The desk is an old spindle my mother and I bought at an antique store in Janesville, Wisconsin, the summer before I went away to college. The twin sleigh bed we bought that same day, which I owned and used as a bed, then a couch, then a guest bed, now stays in the lakehouse they’ll retire to in two years. My nephew likes to trace the whorls on the headboard while listening to Good Night Construction Site again. The desk’s spindle legs are removable by inverting the desk and twisting them, making it easy to move, which I have done between Des Plaines and Oxford, Ohio, between Cincinnati and Chicago, between Bronxville and the Bronx, between Brooklyn and Logan Square. When we removed the legs at the antique store in Janesville, one of the legs hit my mother in the leg and made a huge wobbling vein appear down the front of her calf. I didn’t know if it would ever go away, and I was afraid of getting old...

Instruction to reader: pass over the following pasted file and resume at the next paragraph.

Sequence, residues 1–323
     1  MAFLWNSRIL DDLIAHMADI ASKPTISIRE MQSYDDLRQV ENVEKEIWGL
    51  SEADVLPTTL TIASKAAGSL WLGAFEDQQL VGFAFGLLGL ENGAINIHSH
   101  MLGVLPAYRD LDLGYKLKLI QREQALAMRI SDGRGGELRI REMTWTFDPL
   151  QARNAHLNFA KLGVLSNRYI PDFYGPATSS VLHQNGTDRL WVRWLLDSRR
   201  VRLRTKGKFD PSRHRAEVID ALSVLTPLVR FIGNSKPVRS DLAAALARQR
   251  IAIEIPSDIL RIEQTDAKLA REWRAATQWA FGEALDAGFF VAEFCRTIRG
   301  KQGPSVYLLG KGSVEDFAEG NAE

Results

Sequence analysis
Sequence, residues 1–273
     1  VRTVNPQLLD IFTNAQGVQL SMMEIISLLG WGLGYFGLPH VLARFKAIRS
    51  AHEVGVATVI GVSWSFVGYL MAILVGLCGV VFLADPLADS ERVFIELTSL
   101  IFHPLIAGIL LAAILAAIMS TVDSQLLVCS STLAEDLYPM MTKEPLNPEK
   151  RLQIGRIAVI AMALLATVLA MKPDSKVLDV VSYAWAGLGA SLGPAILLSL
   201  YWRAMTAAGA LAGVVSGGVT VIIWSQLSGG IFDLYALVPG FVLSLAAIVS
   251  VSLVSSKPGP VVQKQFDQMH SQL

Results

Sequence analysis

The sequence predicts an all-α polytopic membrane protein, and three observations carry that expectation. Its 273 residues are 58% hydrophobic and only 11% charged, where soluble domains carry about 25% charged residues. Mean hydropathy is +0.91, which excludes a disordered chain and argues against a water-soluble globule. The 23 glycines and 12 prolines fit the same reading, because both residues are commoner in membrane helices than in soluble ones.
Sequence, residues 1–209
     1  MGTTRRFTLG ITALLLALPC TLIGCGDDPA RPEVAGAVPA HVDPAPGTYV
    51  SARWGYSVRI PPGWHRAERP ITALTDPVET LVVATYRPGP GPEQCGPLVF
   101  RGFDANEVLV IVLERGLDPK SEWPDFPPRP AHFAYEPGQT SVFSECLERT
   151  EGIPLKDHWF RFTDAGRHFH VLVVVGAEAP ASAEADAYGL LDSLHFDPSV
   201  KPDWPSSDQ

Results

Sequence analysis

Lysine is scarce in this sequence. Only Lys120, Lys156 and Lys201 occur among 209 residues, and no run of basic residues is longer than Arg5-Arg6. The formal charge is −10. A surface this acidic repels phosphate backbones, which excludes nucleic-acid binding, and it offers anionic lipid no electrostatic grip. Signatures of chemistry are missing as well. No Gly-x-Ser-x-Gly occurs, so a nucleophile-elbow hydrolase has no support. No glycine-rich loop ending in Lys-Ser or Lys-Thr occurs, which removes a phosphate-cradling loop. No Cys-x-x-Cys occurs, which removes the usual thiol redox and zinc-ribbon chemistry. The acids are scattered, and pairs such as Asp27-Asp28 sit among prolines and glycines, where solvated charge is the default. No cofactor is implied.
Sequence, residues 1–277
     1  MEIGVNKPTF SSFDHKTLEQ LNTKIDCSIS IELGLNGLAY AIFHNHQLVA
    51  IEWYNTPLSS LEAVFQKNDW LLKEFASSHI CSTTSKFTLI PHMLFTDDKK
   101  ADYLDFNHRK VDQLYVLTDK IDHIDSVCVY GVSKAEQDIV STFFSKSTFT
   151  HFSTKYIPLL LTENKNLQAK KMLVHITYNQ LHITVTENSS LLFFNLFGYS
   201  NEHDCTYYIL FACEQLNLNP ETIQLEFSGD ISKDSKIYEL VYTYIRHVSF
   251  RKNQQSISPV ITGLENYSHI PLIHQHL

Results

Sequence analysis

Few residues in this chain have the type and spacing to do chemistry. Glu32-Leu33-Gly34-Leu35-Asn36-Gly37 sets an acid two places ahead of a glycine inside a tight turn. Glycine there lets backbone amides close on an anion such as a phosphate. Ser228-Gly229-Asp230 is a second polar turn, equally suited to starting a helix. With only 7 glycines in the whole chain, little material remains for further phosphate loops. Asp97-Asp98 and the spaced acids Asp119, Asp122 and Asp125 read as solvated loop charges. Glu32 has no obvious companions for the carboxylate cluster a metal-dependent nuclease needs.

Cover Page Footnote
"The Desk" was originally published in Booth.
Booth: Vol. 6
, Article 4.
Available at: https://digitalcommons.butler.edu/booth/vol6/iss8/4